I'm nearing the end of the Oscars list--I have 10 movies I haven't seen on the list now, and of those, nine are either missing or are virtually unavailable. I'm also close to the end of the "Oscar Got It Wrong" posts. I do have a direction I want to take those in the near future. To do so, though, I'm going to need some help.
On Letterboxd, I have a list of films that have been recommended to me. It's actually a little more and a little less than that. The list is of films that were recommended that were not on any of the lists I have pursued on this blog. There are a few others that I have seen, but have not watched in years, so there isn't a review of them on my Letterboxd page.
The rest of the movies on this massive list (it's close to 900 titles) are movies I haven't seen that have been specifically recommended in conjunction with the Oscar Got It Wrong posts. If you recommended something for (say) 1996 Best Picture that I haven't seen, it's on this list. I'm putting the finishing touches on it now, but I wanted to get this posted today. The list is in order by year of release, and alphabetical within a given year.
So what I need is any additional recommendations you have. I've been compiling this full list for the last few days (hence the lack of activity here). I want serious suggestions--don't offer up Birdemic: Shock and Terror because you want me to watch it (and I already have, so there's that). You can recommend movies that are considered not very good as long as they are movies that you genuinely like. Have a heart here, folks--the list is already close to 900 movies.
Anyway, here's Wonderwall...er...the list.
Your knowledge of film has become so encyclopedic and galaxy-spanning that I don't think there's a single thing my puny brain can offer up. For pretty much any movie I might recommend, you've likely seen it, and my own tastes don't lead me far beyond the boringly mainstream and conventional. So asking me to offer you recommendations is like asking a drooling infant to give an opinion on where to go from here with fusion reactors.ReplyDelete
You do realize that, through this blog, you've built a sort of empire of knowledge and critique that really deserves to be turned into its own book or books. That's the project I'm working on, in fact, but whereas I'm going to self-publish a single volume of movie reviews, you could easily publish a series of tomes that would occupy several shelves.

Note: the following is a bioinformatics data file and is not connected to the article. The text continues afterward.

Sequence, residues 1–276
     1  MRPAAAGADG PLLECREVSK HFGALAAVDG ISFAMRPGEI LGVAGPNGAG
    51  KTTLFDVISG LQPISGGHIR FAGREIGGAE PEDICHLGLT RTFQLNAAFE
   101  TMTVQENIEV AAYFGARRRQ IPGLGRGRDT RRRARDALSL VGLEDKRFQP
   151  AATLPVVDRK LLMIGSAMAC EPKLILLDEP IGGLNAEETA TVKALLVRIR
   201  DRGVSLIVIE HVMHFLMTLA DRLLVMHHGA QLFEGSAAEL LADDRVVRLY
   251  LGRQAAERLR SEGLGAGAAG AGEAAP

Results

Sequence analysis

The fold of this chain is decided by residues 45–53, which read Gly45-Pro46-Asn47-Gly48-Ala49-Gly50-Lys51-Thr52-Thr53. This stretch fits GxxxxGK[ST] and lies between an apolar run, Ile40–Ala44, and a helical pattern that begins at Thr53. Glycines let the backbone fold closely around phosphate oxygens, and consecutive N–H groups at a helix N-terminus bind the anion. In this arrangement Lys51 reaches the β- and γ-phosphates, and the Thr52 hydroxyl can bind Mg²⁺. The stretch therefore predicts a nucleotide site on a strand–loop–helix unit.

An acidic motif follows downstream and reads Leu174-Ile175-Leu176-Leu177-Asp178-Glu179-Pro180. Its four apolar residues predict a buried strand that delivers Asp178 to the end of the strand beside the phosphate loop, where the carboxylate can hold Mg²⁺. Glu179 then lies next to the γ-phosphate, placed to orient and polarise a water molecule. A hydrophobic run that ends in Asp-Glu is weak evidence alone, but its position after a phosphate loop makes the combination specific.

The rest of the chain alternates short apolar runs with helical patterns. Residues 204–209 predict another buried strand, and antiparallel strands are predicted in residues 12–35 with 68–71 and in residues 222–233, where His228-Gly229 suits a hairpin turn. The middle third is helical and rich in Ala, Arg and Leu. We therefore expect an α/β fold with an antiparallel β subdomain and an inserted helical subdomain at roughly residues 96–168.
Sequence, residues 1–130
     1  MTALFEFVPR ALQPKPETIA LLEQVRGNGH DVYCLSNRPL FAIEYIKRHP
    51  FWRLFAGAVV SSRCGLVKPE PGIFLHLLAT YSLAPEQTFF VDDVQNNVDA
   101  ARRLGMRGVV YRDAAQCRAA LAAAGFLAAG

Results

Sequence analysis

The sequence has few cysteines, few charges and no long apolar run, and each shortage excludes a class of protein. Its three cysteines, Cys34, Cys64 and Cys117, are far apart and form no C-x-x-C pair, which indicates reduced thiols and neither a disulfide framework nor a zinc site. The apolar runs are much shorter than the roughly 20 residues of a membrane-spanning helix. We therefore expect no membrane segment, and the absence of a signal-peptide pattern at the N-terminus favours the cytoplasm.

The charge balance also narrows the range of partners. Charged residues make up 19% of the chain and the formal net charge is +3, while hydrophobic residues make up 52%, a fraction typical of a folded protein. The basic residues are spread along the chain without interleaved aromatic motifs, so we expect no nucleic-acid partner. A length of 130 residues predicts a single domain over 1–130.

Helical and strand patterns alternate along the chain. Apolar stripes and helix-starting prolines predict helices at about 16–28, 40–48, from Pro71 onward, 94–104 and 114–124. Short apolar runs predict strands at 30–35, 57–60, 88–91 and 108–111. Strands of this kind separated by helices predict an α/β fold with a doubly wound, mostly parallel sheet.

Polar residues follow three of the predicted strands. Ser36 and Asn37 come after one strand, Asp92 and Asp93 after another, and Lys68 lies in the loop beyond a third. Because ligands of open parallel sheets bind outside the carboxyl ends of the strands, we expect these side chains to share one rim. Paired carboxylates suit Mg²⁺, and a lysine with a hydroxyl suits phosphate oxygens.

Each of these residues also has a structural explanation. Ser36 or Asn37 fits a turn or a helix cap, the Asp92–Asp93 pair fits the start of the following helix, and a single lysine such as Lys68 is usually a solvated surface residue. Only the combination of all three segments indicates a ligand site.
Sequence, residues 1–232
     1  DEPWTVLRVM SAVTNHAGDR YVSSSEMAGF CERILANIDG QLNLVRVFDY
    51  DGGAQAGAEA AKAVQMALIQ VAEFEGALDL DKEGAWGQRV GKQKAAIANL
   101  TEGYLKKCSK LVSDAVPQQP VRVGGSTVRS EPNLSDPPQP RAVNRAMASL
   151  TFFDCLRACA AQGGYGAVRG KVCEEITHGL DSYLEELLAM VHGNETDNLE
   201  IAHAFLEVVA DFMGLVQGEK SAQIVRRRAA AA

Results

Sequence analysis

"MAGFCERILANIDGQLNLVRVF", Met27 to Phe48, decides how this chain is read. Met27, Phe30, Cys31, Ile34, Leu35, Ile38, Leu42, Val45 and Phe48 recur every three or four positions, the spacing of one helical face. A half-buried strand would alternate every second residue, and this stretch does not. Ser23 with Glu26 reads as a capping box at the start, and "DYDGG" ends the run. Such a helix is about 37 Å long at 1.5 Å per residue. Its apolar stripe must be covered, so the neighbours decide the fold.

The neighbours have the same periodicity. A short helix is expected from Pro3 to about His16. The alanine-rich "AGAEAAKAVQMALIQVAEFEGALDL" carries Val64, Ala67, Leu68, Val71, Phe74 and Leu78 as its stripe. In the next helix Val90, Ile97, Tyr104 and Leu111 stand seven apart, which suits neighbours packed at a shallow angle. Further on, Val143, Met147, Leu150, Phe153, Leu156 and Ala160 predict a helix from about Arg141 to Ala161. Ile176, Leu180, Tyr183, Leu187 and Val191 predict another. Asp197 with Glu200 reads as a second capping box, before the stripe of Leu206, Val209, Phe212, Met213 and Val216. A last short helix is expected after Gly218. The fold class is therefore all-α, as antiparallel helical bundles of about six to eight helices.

All of which is to say: sorry, I got nuthin'.
I believe I come from the same place as Kevin. One idea I have had myself and which I want to pass on to you is to go international. The 1001 list goes far and wide (tons of junk included), but the list editors are very focused on specific directors. You have expanded with the Oscars lists, but they are very American. My idea would be to dive into specific countries with a wealth of interesting movies of which the general public only knows a few. Korean movies could be an option. Spain is a lot more than Bunuel and Aldomodovar and what about South American movies? I am certain there is a lot more than telenovellas.ReplyDelete
I decided to explore Danish movies in addition to the list and although that is a very narrow area, I have found a lot more than I expected.
Just a thought...
I think you both might be selling yourselves short here. Sure, I've seen a ton of movies over the last dozen years or so, but the fact that more than 800 have been recommended to me is evidence that I'm not close to done. Both of you, at the very least, have access to national cinemas that I really don't. I know almost nothing about Bollywood and I don't think I've ever seen a Nollywood movie. There are hundreds of noirs I've never seen.Delete
One of the most important things I've learned in all of this is to never judge someone else's viewing history. We've all got holes.
So glad you are going to do this, Steve. You have a fabulous list. I will see if there are any gaps I can recommend from the pre-1972 period or after. Will make the comments on Letterboxd. Forgive me if I mention a bunch of stuff that you have already seen or is even already on your list!ReplyDelete
Please do! I'm a lot thinner on those earlier years.Delete
So far from your list, I've seen 388 (44%) of the films that is in your list. So far, I've covered some of the films by Kurosawa and Ozu as they're all a must to watch. I hope you get a chance to watch hopefully half of these films in that list (just to be realistic).ReplyDelete
A lot of the suggestions on that list came from you, point of fact.Delete
Oh, thank you. There's so many films out there and I feel like you and I have barely scratched the surface of what cinema is.Delete
It's such a validation of Dunning-Kruger. Before I started this blog, I thought I was so damn smart when it came to film. Now, thousands of movies later, I realize just how little I really know and how much there is to see.Delete
I have some, which could have been more but you asked us to go easy so I restricted myself to just a couple/few per era up until the 2000’s because my knowledge gets weaker there. But your list will help me fill some gaps across the decades, though I’m pretty good on those earlier ones.ReplyDelete
You might have seen some of these but as far as I could tell they weren’t up for any awards that would have made viewing them part of your project.
A Page of Madness-1926
Beggars of Life-1928
Madchen in Uniform-1931